My belly is a little bit pudgy. I have stretch marks on my hips and thighs. My eyelids are wrinkly. When I’m bored or nervous, I chew my lips and leave them raw. The skin around my fingers is ripped with hangnails. My hair gets frizzy.
I spent years of my life going to war with myself, staring into a mirror and wondering why I wasn’t born like the girls plastered between those slick, retail catalog pages. I didn’t realize the true beauty behind those so-called flaws.
That slightly-pudgy belly holds the meals I eat in good company. My stretch marks bear the stories of pounds gained during depression and the treatment thereof. Those wrinkly eyelids have opened and closed upon the most marvelous of sunsets and the most intricate of dreams. Those raw lips have sung the songs of human joy and struggle. Those fingers have held the pencils that wrote years of journal entries. That hair has blown in the winds of warm Bermuda evenings, now faded into the memory of childhood days gone by.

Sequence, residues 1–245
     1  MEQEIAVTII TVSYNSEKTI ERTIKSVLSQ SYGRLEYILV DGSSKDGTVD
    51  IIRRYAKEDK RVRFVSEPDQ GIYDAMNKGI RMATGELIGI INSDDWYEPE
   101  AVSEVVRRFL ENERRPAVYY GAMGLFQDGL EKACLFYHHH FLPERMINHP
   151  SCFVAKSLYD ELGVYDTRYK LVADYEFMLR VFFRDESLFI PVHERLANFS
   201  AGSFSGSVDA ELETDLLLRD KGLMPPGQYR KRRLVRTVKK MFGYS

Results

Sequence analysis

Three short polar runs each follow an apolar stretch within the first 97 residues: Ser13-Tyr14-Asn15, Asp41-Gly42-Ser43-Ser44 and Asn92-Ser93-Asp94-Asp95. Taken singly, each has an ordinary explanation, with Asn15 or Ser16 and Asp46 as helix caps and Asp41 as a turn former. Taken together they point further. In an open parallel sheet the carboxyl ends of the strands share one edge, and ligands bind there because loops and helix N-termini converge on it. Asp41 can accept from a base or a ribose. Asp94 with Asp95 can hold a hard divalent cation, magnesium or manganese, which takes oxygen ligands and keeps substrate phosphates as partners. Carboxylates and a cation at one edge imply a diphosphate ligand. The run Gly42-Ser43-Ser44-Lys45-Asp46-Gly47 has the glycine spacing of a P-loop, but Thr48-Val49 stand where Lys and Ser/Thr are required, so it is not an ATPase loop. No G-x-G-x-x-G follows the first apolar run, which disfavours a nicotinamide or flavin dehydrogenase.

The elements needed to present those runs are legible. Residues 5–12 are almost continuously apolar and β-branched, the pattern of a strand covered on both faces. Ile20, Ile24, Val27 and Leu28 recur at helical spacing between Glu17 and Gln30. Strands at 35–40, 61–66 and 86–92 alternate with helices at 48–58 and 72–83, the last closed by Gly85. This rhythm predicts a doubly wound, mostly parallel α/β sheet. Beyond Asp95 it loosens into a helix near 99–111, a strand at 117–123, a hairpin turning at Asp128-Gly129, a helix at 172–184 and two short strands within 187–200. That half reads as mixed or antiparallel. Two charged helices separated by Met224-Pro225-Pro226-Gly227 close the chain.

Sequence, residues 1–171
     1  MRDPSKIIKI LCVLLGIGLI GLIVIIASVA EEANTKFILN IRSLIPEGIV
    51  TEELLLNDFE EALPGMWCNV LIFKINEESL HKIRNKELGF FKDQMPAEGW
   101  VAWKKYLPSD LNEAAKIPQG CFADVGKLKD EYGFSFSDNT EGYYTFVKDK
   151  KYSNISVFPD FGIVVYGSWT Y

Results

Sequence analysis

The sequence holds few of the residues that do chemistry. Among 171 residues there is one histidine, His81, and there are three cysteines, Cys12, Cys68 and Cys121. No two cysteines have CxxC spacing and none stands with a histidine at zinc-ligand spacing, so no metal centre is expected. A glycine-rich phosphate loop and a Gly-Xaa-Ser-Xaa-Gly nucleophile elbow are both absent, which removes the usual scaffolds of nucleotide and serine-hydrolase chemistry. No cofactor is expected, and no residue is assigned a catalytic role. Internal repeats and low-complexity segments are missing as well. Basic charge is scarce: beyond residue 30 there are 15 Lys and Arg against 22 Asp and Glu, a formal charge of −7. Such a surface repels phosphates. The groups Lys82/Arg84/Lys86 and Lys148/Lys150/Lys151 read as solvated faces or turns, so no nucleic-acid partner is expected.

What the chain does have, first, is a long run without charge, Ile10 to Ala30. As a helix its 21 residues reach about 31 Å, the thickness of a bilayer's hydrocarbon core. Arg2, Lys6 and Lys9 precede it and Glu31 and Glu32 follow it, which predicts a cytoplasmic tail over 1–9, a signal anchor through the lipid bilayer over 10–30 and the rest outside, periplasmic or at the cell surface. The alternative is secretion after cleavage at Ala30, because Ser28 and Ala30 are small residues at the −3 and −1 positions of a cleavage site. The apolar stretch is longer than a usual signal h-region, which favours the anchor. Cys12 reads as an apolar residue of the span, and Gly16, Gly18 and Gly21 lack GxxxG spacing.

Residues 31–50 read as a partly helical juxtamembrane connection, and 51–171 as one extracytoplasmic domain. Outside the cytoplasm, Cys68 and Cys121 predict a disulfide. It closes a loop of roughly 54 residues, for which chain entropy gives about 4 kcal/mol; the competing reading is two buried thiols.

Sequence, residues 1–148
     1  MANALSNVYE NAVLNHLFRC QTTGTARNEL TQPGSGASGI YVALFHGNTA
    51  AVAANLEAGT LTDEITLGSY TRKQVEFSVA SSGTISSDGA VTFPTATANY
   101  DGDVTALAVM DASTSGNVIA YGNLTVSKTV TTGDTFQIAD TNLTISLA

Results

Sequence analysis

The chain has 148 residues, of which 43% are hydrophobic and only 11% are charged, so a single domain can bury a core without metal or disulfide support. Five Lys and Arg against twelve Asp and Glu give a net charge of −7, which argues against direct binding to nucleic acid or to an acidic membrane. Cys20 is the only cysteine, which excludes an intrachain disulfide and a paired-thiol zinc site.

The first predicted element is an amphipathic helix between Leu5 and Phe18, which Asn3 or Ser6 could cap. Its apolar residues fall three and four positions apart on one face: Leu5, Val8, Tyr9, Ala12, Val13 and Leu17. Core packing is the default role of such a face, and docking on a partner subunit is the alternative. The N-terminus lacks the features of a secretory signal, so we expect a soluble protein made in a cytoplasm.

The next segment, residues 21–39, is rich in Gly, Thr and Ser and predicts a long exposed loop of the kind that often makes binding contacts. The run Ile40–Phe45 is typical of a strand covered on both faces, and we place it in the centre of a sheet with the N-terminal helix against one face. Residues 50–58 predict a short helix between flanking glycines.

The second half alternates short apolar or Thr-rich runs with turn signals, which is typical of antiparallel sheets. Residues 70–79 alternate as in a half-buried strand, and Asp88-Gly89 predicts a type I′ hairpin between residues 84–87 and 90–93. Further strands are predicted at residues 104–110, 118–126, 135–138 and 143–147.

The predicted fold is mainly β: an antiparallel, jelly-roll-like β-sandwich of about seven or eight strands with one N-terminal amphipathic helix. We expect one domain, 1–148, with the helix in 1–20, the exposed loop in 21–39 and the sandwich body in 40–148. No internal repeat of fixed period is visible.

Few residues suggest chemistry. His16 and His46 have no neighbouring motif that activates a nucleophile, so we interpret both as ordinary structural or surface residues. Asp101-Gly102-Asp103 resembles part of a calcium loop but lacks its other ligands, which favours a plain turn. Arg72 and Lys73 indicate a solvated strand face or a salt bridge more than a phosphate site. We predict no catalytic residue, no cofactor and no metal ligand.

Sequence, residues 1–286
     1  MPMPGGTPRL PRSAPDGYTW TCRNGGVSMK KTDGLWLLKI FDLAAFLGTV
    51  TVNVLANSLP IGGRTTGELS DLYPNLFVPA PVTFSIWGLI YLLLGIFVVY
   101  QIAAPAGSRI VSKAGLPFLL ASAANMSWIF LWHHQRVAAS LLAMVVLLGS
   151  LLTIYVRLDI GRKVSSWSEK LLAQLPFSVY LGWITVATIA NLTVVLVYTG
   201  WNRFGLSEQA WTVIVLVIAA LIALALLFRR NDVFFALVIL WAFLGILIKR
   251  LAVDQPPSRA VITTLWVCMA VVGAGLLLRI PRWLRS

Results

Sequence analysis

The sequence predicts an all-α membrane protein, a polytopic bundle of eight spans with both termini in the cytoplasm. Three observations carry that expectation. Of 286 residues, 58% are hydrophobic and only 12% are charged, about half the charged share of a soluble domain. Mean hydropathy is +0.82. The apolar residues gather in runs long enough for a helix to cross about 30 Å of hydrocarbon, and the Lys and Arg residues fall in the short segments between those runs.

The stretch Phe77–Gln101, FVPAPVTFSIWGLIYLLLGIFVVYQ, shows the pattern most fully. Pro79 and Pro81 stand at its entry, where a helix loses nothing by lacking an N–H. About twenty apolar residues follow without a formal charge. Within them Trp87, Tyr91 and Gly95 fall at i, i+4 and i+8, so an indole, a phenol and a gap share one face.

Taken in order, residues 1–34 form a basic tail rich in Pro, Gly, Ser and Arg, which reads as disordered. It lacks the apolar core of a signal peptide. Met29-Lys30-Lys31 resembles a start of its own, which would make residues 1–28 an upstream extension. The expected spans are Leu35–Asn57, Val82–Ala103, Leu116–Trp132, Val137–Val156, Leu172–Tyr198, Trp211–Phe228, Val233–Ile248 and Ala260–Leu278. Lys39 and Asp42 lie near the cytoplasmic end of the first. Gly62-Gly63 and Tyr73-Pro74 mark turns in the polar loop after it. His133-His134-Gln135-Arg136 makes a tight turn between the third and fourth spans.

I am not beautiful despite my flaws; I am beautiful because of them.